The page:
The Spirit Catches You and You Fall Down


Marilyn Mochel, a nurse and clinical educator at Sutter Merced Medical Center (now Mercy Medical Center Merced), who heads the hospital's cross-cultural program, said in 1999 that "The book has allowed more dialogue. There's certainly more awareness and dialogue than before. Both sides are teachers and learners."[6]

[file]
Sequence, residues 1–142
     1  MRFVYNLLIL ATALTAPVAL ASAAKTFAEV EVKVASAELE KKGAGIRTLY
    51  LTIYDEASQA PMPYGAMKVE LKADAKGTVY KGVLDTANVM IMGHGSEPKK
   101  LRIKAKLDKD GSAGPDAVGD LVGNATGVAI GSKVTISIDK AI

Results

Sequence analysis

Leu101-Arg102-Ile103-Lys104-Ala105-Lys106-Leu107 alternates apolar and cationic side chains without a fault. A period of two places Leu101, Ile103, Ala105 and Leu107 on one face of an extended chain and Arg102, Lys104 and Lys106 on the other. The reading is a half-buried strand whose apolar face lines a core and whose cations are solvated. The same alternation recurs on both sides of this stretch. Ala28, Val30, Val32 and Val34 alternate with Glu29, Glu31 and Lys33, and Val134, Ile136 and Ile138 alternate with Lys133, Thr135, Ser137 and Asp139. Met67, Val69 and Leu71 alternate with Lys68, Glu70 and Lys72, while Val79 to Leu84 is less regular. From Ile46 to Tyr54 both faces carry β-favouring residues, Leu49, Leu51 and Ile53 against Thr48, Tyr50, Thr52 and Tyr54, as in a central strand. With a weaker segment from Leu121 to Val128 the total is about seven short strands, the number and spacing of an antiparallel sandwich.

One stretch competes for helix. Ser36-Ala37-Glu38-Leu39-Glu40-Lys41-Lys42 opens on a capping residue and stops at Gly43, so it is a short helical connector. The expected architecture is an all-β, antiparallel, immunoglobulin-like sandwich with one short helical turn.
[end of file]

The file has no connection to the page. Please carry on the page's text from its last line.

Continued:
Lia Lee lived in a persistent vegetative state for 26 years. She died in Sacramento, California, on August 31, 2012 at the age of 30.[7] At that age she weighed 47 pounds (21 kg) and was 4 feet 7 inches (1.40 m) tall; many children with severe brain damage have limited growth as they age.[8] Outside of the State of California Lia Lee's death was not widely reported. Fadiman said that pneumonia was the immediate cause of death. Margalit Fox of The New York Times said "[b]ut Lia’s underlying medical issues were more complex still" because she had lived in a persistent vegetative state for such a long period of time. As of 2012 most individuals who go into that state die three to five years afterwards.[7]

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